Israel Chemicals brings forward salt harvesting

The salt harvesting from the floor of the Dead Sea's southern basin will prevent the flooding of the hotels at Ein Bokek.

Israel Chemicals Ltd. (TASE: ICL) plans to begin the salt harvesting of the southern basin of the Dead Sea a year ahead of its commitment to the government. The company will announce within a month the purchase of the first dredge for the salt harvesting. The dredge will be chosen by international tender, in which five US and European companies are participating, and is due for delivery in early 2015.

Israel Chemicals' Mashivim division will begin the salt harvesting immediately after receiving the dredge. The salt harvesting from the floors of the industrial pools is intended to halt the rise in the water level and prevent the flooding of the hotels at Ein Bokek.

The dredge and its ancillary equipment will reportedly cost $50 million. The dredge's blade will cut into the floor of industrial pool 5, where Dead Sea Works Ltd., a unit of ICL Fertilizers, carries out its potash extraction operations. The dredge will remove the salt strata which have accumulated on the floor of the industrial pool and send the salt via a 30-kilometer conveyor belt to the northern Dead Sea basin.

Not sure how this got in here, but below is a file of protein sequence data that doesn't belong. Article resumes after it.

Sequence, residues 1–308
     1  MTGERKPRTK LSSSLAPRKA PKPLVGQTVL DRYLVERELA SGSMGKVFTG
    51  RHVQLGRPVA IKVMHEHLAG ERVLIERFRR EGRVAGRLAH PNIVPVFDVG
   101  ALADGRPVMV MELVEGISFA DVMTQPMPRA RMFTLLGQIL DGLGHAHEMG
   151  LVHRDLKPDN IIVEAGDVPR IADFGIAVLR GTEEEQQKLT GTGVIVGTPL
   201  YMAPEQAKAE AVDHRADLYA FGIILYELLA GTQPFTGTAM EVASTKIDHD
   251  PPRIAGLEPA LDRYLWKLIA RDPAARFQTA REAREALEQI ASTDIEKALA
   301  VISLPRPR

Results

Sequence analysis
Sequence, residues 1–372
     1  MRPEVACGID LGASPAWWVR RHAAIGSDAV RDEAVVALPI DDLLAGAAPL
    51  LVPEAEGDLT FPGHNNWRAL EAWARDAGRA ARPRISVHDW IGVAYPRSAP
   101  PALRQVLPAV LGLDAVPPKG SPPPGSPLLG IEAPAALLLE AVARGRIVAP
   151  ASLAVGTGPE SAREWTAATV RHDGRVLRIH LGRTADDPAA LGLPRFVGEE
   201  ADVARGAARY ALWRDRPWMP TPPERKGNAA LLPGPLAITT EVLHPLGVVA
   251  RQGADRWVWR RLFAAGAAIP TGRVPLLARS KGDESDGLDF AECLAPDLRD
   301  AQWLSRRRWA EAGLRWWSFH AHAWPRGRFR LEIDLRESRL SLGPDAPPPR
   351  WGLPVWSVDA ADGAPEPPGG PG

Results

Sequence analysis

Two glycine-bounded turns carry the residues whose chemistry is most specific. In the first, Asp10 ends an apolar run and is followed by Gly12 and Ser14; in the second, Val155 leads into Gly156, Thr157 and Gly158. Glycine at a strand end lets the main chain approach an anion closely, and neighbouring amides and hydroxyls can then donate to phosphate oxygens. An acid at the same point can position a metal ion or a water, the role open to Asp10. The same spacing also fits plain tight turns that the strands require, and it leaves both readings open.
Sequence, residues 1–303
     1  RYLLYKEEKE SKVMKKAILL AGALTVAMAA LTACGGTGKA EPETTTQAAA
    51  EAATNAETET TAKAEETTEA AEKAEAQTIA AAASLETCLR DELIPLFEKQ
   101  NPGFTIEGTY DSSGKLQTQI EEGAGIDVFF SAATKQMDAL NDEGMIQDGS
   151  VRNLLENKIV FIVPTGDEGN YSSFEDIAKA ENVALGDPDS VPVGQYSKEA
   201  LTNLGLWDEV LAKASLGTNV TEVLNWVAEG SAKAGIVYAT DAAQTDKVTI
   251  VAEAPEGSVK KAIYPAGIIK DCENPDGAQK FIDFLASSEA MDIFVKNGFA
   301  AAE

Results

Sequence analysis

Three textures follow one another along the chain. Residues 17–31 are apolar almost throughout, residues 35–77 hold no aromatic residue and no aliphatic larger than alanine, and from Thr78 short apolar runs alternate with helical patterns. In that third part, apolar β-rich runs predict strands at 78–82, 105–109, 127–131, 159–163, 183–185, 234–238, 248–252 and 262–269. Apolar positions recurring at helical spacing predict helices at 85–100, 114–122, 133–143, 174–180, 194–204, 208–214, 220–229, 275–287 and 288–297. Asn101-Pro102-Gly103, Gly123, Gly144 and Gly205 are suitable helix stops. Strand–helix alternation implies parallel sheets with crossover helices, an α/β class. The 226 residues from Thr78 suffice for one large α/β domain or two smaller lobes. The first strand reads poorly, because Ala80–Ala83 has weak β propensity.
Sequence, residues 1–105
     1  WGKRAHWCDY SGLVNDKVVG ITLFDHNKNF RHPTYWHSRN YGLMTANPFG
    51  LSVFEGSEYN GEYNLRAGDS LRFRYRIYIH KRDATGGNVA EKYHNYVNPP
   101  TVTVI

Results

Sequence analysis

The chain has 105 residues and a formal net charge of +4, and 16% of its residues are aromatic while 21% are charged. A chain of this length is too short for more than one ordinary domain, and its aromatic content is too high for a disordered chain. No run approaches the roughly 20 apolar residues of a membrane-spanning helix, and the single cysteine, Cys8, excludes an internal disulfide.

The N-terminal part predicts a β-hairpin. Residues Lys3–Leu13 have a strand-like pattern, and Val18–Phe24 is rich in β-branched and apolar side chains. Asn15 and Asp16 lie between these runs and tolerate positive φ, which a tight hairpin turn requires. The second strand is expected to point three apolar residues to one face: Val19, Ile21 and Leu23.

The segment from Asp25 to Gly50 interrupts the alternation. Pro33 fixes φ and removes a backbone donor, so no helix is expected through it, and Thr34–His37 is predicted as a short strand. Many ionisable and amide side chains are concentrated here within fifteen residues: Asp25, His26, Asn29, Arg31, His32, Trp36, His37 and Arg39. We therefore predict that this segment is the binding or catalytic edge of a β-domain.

The dredge, which is 80 meters long and 15 meters wide, has an electric motor to minimize noise pollution in the area.

The salt harvesting to which Israel Chemicals committed after negotiations with the government, will cost over NIS 3.7 billion through 2030.

Mashivim director Noam Goldstein said that the salt harvesting could begin ahead of schedule because the dredge manufacturers participating in the tender could deliver the first dredge in early 2015, partly because the global economic crisis has reduced demand for dredges. "We're well prepared for the project, and we'll meet the timetable and budget for it," he told "Globes".

Dead Sea Works says that one dredge is not enough to meet the salt harvesting targets, and that the lessons learned from the first dredge's operation will be used to update the specifications to estimate the total number of dredges needed - probably two more.

With the early delivery of the first dredge, Dead Sea Works is preparing for the conveyor belt to carry the dredged salt to the Dead Sea's northern basin. The company is preparing to contract with a leading international engineering firm to design and build the conveyor belt. The conveyor belt, which will be one of the largest and longest in the world, will carry 20 million tons of salt a year. 80,000-100,000 tons of salt a day will be dumped onto the floor of the northern basin, but the company has not decided how to do this: either by special dredge, or by fluidizing the salt and pumping it under high pressure to the basin floor. A decision will be taken after tests and surveys by experts.

Published by Globes [online], Israel business news - - on January 30, 2013

© Copyright of Globes Publisher Itonut (1983) Ltd. 2013

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